Art Director Hans Zehetner ('Tim Frazer jagt den geheimnisvollen Mr. X', 'Der Mann mit dem goldenen Pinsel') 
was responsible for the fitting look of the picture.
Producer Pier A. Caminnecci brought together a colorful troupe. 
As producer of Jess Franco and Adrian Hoven flicks, Caminnecci had a lot of experience with crazy movie beads
('Succubus','Castle of Bloody Lust','Sadist Erotica','Kiss me Monster').
'Gebissen wird nur Nachts', internationally known as 'The Vampire Happening', was his last traumatic masterpiece.
The filming locations are very well chosen. 
As main location Producer Caminnecci booked the striking Castle Kreuzenstein (Austria) again. See photo above.
He previously used the castle for the Adrian Hoven film 'Castle of Bloody Lust', 1968.
The surprisingly good score of 'The Vampire Happening' was again the work of Jerry van Rooyen (1928–2009), 
who did the music for almost all Caminnecci productions. 
The big vampire party sequence at the end of the movie in the castle (Location: Castle Liechtenstein, Austria) 
is pure brightly colored trash!
Count Dracula is the special guest of the party. 
The master flies in stylishly with his 'Batcopter' and waves to his fans. What an incredible scrap! I love it!
Ferdy Mayne (1916–1998) is a brilliant 'Dracula' for this flick. An actor with a special charisma.
The German-born character actor lent a silky, urbane quality to numerous menacing roles in British films of 
the 1950's, 60's and 70's. 
The Band who is rocking the party is 'Birth Control', a german Combo of the 'Krautrock' era.
The grimaces of Bernd 'Koschi' Koschmidder and drummer Bernd 'Nossi' Noske with long vampire-teeth fit 
perfectly into the incredible work of art.
The band plays without a break. 
The boys fidget around in the background, even if they should actually stay calm. Gorgeous!
And this was not the first 'movie gig' for 'Birth Control'.
They also 'played' in the Ingrid Steeger movie 'Ich - Ein Groupie'.
Learn more about 'Birth Control' here: www.birth-control.de
'Gebissen wird nur Nachts' is available on DVD in acceptable quality. 
A loopy little Euro-Party ... barely controllable by Freddie Francis.
Producer Pier A. Caminnecci and Pia Degermark at the heavy castle gate of Castle Kreuzenstein (Austria), 1971,
and a comparison photo of the location.
Dracula (Ferdy Mayne) talks with Pia Degermark during a break, 1971.
Pia in one of her nice costumes (Uli Richter design) and Cinematographer Gérard Vandenberg (1932–1999).
And the photo on the right shows Pia and Pier A. Caminnecci at Castle Kreuzenstein (Austria), 1971.
Pia Degermark and Producer Pier A. Caminnecci were even married for a while (1971-1973). 
The two have a little scene together in the movie, a harmless sex scene in the airplane Cinema above the clouds.
Pia had a difficult time with many ups and downs (homeless, addicted to drugs,car crash).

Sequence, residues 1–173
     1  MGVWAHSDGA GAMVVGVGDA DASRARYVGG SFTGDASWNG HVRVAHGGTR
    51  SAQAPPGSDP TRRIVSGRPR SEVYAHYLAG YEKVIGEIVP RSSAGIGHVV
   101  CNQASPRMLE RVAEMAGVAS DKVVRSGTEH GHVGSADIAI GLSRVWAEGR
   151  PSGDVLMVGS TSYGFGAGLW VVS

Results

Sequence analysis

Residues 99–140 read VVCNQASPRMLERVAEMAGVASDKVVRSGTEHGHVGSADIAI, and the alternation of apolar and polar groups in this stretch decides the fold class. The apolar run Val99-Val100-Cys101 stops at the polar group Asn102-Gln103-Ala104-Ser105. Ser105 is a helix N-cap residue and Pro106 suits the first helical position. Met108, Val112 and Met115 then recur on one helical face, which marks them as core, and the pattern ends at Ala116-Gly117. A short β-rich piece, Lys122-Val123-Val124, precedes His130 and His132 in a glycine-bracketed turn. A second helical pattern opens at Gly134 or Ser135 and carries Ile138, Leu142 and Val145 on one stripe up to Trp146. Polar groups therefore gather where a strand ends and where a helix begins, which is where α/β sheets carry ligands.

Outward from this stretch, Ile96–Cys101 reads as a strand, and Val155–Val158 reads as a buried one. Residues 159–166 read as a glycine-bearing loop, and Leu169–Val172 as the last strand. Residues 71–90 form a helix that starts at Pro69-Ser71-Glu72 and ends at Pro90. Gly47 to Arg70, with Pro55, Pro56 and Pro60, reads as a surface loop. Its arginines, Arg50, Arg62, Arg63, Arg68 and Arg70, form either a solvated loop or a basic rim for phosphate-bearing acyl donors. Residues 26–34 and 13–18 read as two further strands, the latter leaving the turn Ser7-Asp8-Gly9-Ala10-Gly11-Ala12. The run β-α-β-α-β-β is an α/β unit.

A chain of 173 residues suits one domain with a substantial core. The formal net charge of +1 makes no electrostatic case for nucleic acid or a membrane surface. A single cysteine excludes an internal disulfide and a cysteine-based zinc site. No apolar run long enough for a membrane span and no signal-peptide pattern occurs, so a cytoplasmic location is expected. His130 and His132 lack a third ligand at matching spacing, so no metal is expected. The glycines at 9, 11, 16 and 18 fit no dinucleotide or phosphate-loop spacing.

The last that I heard about her was that she fortunately found a way back to life.
In 2006, Pia published her Autobiography in Sweden: Gud räknar kvinnors tårar.
The Playboy and Siemens-heritage Pier Andrea Caminnecci died on December 30, 2013.
As far as I know, the book is only available in Swedish!

After all the cheap sour cucumbers you have earned a little candy at the end of the year!
The lovely american actress Marianna Hill, born in Santa Barbara de Nexe (Portugal), has predominantly worked in 
American television.
There is almost no popular TV series without an episode with Marianna Hill. 
'Bonanza', 'The Outer Limits', 'Batman', 'Star Trek', 'I Spy', Marianna was an eye-catcher everywhere.
She had a well-done striptease scene in 'El Condor', a troubled production in Spain.
'El Condor' Director John Guillermin was a pain in the ass for the crew. Alcohol was a huge problem, mainly for Lee van Cleef.
Marianna is fluent in Spanish. 
The talented actress surely had no problems with the Spanish crew of 'El Condor' or in the small streets of Almeria. 
A few years later Marianna did another Western in a better working atmosphere, 'High Plains Drifter'.
She enjoyed working with Clint Eastwood.
Marianna was a surprise in 'Messiah of Evil' and did the excellent 'The Godfather: Part II'.
In the late 70s and early 80s she ended up in B-Movie flicks like 'The Astral Factor', 'Schizoid' and 'Blood Beach'.
Learn more about the tremendous Fortress, that they have built in the desert near Tabernas (Almeria) for the movie 'El Condor',
the Set Design, the Art Direction and the manifold Special Effects here:
'El Condor' - An exclusive look behind the scenes of a legend.
Marianna Hill in the cult TV Show 'I Spy'. She is in the episode 'Night Train to Madrid'.
Several episodes of the American television show were filmed in Spain.
Here you can see some 'I Spy' location photos: Campo de Criptana.

'Ciao nemico' is an unimpressive World War II comedy directed by Enzo Barboni (1922–2002).
Barboni is a very talented cameraman, but as a responsible director he is overrated.
His Spencer-Hill comedies are pretty awesome because of the comedic talent and the perfectly harmonious duo 
and not necessarily due to the work of the director.
His 'Ciao nemico' offers a good team of Players with a bunch of familiar 'Spaghetti Western' faces.